Editorial: Getting What You Pay For
Aug 1, 2004 12:00 PM,
By Mark Johnson
I am, like most soundmen, full of opinions about sound: how things should sound relating to a mix, how loud is too loud, and so on. I also have opinions about other aspects of the industry, one of them being product distribution channels, or how the product gets from the manufacturer to the customer. There are a few traditional distribution options to take: manufacturer to rep to dealer to customer, manufacturer to dealer to customer, and manufacturer to customer.
Acting as an advocate for the customer, I would prefer one of the first two options. It could be argued that the most direct path is the best; no one is between the manufacturer and the customer, so the customer gets the best pricing possible. You have direct access to the manufacturer’s “knowledge bank,” so as the customer, you come out ahead, right? Well, not so fast. My church had a wireless mic system that was purchased through some discount channel (before my arrival on the scene). When the mic was damaged, it was sent directly to the manufacturer for repair. After an extended period, we called the manufacturer to check on the status. It had no record of the mic, and to make matters worse, we had no paper trail to prove the existence of the mic (but that’s another story). So for all intents and purposes, we were out one wireless mic.
As the audio team discussed future paths for equipment purchases, getting the best possible price from a discount house was raised. I advocated a local dealer with substantial installation experience as well as a rental division. The price from the local dealer was higher than the discount house, but I argued that we couldn’t get the kind of customer support we needed from a discount house. The counter was that if a product broke, the dealer would (especially if the product were under warranty) send it back to the manufacturer anyway, so why not send it back directly? My argument was that we represented more business to the dealer (we purchased more than just a wireless mic system from it) than we did to the manufacturer, and the dealer represented more business to the manufacturer (not only did it buy our system from the manufacturer but it also bought systems for other customers, as well) so that the dealer wielded more power to be our advocate in getting the product repaired promptly (or in the case of our “lost” wireless system, for the manufacturer to find it or replace it). As our relationship with our local dealer developed, we did receive better pricing, and if we ever needed supplemental equipment for special events or productions, we had access to its rental inventory at favorable pricing or as outright loans. Because the system is a combination of different equipment types from different manufacturers, having the dealer provide insight and support as a systems integrator (even if it’s at a consultation level) is valuable to us as customers.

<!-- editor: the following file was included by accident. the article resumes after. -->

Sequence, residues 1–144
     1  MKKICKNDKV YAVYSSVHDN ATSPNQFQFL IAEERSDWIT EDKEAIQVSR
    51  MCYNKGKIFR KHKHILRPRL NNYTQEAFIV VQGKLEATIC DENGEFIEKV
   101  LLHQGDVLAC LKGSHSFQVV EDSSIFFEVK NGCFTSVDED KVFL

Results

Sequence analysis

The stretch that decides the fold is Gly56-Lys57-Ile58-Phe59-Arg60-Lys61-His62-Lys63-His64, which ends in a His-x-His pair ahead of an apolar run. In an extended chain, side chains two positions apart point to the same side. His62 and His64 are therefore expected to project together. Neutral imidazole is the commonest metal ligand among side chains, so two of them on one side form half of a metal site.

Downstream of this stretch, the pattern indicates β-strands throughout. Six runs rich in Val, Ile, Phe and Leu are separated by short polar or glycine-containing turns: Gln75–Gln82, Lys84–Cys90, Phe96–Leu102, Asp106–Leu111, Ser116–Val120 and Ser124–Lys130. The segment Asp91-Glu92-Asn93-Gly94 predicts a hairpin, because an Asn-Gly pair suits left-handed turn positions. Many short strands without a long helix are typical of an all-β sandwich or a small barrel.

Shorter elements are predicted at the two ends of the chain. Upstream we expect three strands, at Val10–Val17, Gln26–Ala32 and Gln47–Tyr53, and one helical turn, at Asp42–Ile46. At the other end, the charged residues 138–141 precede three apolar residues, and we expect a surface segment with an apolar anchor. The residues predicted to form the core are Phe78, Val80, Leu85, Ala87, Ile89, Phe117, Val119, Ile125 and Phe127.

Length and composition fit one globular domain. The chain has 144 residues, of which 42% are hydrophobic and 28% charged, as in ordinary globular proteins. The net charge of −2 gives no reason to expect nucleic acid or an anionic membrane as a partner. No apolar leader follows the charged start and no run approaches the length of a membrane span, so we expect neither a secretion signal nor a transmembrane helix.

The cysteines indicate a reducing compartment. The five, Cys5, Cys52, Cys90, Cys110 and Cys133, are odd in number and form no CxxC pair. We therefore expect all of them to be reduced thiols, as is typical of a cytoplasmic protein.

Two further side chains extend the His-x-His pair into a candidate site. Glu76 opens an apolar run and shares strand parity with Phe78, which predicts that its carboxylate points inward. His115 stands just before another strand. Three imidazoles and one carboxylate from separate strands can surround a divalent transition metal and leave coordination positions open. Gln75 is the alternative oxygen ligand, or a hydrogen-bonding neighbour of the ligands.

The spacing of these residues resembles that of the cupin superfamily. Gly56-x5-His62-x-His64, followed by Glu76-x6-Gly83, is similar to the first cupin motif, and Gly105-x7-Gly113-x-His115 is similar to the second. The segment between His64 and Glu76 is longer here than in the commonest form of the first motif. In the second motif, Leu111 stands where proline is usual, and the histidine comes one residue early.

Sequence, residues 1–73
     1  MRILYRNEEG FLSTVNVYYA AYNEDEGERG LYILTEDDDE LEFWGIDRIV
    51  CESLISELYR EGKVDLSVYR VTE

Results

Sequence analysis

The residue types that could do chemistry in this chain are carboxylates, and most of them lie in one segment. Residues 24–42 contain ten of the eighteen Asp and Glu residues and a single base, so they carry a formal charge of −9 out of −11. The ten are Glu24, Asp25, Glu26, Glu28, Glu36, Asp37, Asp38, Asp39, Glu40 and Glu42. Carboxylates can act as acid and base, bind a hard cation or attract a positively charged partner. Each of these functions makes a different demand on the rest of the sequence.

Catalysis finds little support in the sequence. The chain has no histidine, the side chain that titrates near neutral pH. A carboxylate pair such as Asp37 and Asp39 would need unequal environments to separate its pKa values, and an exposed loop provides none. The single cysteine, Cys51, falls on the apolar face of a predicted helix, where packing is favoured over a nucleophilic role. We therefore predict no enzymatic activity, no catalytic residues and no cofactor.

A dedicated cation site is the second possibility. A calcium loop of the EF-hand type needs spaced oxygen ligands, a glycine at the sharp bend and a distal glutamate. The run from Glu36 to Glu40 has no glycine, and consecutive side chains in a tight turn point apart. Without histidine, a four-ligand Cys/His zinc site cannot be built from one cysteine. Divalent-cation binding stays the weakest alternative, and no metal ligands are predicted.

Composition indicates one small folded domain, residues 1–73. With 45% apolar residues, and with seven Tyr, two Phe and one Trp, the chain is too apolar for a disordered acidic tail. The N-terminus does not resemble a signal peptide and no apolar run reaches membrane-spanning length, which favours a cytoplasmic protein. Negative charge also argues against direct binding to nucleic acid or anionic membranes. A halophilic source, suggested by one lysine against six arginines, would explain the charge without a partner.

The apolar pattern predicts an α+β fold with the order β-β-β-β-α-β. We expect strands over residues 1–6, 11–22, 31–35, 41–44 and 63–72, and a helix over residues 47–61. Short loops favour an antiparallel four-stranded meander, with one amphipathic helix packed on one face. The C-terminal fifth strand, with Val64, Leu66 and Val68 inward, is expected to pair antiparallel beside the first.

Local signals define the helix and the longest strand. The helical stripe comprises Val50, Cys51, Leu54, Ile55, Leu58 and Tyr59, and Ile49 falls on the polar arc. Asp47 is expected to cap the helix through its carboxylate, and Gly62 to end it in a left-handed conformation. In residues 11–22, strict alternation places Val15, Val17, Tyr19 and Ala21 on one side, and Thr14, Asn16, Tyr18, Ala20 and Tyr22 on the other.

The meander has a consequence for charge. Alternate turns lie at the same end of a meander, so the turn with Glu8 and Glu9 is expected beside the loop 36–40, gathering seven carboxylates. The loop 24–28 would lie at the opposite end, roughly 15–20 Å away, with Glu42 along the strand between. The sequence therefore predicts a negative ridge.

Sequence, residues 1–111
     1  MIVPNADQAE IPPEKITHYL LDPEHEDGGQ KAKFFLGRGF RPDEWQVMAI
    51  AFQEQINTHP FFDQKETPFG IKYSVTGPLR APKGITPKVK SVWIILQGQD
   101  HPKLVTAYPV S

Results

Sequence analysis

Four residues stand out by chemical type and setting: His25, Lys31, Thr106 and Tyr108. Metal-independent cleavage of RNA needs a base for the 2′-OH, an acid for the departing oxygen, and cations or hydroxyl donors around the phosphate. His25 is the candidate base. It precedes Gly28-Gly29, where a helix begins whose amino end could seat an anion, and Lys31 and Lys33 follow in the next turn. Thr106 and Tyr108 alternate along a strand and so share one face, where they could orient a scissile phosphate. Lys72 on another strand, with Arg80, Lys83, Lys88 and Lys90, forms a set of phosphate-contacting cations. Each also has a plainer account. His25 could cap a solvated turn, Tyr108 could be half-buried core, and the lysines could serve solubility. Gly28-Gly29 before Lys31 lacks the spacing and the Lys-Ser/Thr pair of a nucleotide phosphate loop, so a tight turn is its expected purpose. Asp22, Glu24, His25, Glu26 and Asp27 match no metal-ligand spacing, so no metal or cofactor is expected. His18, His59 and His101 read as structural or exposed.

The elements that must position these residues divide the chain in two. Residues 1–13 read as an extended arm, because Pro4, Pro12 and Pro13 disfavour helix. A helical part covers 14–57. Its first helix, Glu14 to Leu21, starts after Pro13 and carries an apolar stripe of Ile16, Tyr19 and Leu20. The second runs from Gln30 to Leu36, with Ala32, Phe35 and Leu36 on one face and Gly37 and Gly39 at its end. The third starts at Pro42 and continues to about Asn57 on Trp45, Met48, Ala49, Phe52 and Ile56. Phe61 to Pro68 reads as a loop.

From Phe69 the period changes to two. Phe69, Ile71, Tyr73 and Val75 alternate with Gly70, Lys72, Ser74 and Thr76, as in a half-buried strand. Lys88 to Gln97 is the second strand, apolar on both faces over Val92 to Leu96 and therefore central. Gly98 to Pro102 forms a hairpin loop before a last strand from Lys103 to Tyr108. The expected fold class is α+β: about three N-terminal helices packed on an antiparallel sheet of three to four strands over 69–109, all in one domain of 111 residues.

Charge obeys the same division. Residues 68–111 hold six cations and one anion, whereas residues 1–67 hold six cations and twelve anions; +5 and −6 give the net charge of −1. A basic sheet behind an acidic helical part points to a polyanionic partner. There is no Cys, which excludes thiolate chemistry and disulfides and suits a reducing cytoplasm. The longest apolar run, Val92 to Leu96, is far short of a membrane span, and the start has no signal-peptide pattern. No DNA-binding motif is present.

But what about direct access to the manufacturer’s knowledge bank for support or training? That’s pretty much a given these days. There are some sophisticated end-users out there, and most manufacturers and dealers are savvy enough to provide training, education, and support if that’s what’s warranted.
In this issue, we have more follow-up on InfoComm, including our inaugural Pick Hit products. Cynthia Wisehart, editor of Video Systems, also gives us the scoop on the InfoComm Awards Banquet.